Question 2: Again
a Metro problem keep it to the Metro area this isn't a rural issue
keep it that way.
There seems to be
a certain element in the Civic Caucus leadership that is committed
to metro commuter rail paid for by rural transportation dollars. The
reality is we will fight this even harder than your repeated attempts
to get us to pay for your sports stadiums. This is specifically why I
will fight tooth and nail to stop any attempt to include rail in with
highway funding. You want it you buy it leave us and our funding
Stone (5) (10)
question implores refinement, e.g., light rail, integrated national
high speed rail, intrastate intercity rail? Public investment or
public investment? Or has rail become synonymous with public
construction, maintenance, operating costs and periodic total
rebuilding of rail systems should join the balanced budget as a
requirement of the Minnesota Constitution.
“One cost that is
rarely, if ever, mentioned by promoters of passenger rail
transportation is that of reconstructing and rehabilitating rail
lines, which is
needed about every 30 years.”—Cato
Institute High Speed Rail Policy Analysis, October 2008
Slocum (7) (10)
Jacobson (9) (4)
Lutz (8) (8)
Nowicki (8) (10)
Dorfman (0) (_)
Hively (7) (7)
along the route benefit greatly. There should be something similar to
tax increment districts whereby operating deficits are paid by
communities/regions based on a percentage of economic development
generated by the line.
Miller (10) (3)
Halstead (0) (10)
Question 1: Again we have politicians looking out for their interests
rather than identifying needs, preparing realistic ridership,
estimating operating and maintenance costs and fares, comparing
transit/transporatation services now and in the future and doing what
is in the best interests of the public.
Question 2: LRT and commuter rail fares should be approximately 50%
of the operating and maintenance costs including park and ride sites,
not the approximate current 25%.
I suggest that Mr.
McFarlin become familiar with LRT service in Denver. They have
several LRT lines adjacent to their highways and it is helping
moderate road traffic. The Central Corridor LRT provides zero benefit
to our highway system and is just a very expensive bus
replacement. 40+ minutes to ride end to end and much slower than
express bus service. The politicians and Transit Managers have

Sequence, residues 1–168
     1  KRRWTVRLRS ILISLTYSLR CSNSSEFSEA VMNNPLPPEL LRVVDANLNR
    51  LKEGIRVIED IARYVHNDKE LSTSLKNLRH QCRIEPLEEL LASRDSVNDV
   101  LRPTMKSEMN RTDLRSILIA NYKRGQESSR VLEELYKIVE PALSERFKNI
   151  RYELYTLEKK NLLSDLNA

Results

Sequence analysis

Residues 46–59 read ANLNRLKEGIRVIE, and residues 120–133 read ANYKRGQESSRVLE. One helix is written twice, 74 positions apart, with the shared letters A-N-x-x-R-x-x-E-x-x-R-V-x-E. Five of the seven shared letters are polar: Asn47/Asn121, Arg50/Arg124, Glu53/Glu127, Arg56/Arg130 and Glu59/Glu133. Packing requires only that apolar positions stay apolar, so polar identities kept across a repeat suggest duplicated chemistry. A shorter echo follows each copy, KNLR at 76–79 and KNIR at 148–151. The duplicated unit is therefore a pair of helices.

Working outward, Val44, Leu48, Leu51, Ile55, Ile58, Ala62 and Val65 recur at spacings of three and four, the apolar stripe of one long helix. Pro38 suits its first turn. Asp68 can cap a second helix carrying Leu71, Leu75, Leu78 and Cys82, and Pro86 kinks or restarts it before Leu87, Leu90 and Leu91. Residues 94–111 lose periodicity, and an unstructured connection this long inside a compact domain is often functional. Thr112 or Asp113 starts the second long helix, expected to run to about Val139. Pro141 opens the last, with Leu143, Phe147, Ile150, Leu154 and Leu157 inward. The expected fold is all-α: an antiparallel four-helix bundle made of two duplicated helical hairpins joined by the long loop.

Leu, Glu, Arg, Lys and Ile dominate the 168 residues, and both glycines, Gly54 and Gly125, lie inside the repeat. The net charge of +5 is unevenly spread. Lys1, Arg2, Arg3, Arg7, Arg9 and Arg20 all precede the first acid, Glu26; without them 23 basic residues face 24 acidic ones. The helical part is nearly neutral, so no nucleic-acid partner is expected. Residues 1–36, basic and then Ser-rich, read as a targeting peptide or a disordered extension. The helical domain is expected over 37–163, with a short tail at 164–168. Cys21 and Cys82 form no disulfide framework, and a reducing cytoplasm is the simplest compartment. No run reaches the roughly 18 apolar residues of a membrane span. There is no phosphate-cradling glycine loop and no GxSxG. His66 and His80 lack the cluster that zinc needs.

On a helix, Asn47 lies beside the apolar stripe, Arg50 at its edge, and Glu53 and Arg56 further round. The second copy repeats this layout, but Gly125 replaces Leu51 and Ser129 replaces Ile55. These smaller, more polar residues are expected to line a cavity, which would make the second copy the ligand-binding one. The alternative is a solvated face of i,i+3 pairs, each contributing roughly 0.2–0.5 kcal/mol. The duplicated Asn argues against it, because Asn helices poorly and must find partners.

installed and are planning rail transit with minimal transit benefits
and very large transit subsidies.
transportation/transit system is broken!!!
Lampe (1) (10)
I'm in almost
total disagreement with Bob regarding rail investment. Rail is "coming
back" only because of the vast sums of federal money being pumped in,
not because it's analytically defensible. There is a "transit
industrial complex," people who benefit enormously from the status quo
in transportation, but who have become delusional about
the alleged benefits of what's being proposed.
There is no meaningful market share available for long distance rail,
and the capital and operating costs will be an abomination. Rail works
in Japan because of population density and reasonable travel distances
(Tokyo has 16 times the density of the Twin Cities). The US is too big
and too dispersed for rail to work properly. It worked to some extent
in an earlier age before the interstate highway system and reliable
And I'm a rail enthusiast who rode trains extensively in the '50s,
'60s and even into the '70s. Alas, that era is gone forever.
More analysis from a noted environmentalist:
excellent urban transit analysis from Sweden:
450 miles to
is at the outer limit of feasible rail trips and there isn't much in
between to stop at. Trips on trains will always be a very small
fraction of trips by air or automobile. Rail is being done only
because of Deep Throat's advice to Bob Woodward: "Follow the money."
Certain people make a lot of money from rail projects and politicians
are able to create monuments to themselves. A wise voice long ago said
of rail: "Better you should build pyramids. They are much more
have much lower operating costs, and last far longer."
This set of statements is foolishness:
"Rail deserves its own set of evaluation criteria. Such as:
Does the rail project: (a) Move people? (b) Contribute to economic
development? (c) Reduce use of fossil fuels? (d) Help people who are
If you measure transit against roads,” Bob
said, “you will miss much of its intrinsic value.”
The truth is: (a) trivially, (b) inefficiently, (c) trivially, (d)
There is no "intrinsic value." If you want development, spend directly
on it. It's insane to propose that transit is not about moving people
-- almost the whole point of transit is to move people out of cars and
provide mobility for folks who don't have cars or can't or shouldn't
drive. MOBILITY IS THE GOAL.
We need to do much better. Met Council proposes to spend $4.1 billion
double metro area transit ridership from 300,000 trips per day to
per day. The goal should be to increase it from 300,000 to 3 million
14 million daily trips expected in 2030. But this requires a radically
solution set than LRT and busways alone. To be useful, transit has to
everywhere all the time." Only Personal Rapid Transit has a prayer of
meeting such ambitious goals.
Quie (10) (11)
I am for No. 1
only if No.2 is done. Consider a substantial percent being paid by
those who benefit from the line in addition to the fares paid by the
Schwarzkopf (4) (10)
Press (10) (10)
Alderson (5) (10)
Eklund (9) (9)
Heegaard (10) (10)
Bishop (10) (7)
Kuisle (1) (10)
Pierson (3) (9)
You could remove
all Minnesota ID's and you'd be considering Osceola county, Florida
(where I live). Rapid transit is an issue which comes continually
before the state legislature for consideration and this year, as
before, nothing was done. When you realize that one of the reasons we
succeeded in our inter-state road system in the early '50's was
because of the fear that "The Russians are coming, the Russians are
coming" and there was the need to enable quick movement of people and
goods. Wonder what it'll take to get things 'moving' this time?
Sen. Sandy Rummel (8) (8)
Frenzel (1) (10)
Hauge (9) (9)
Detert (10) (10)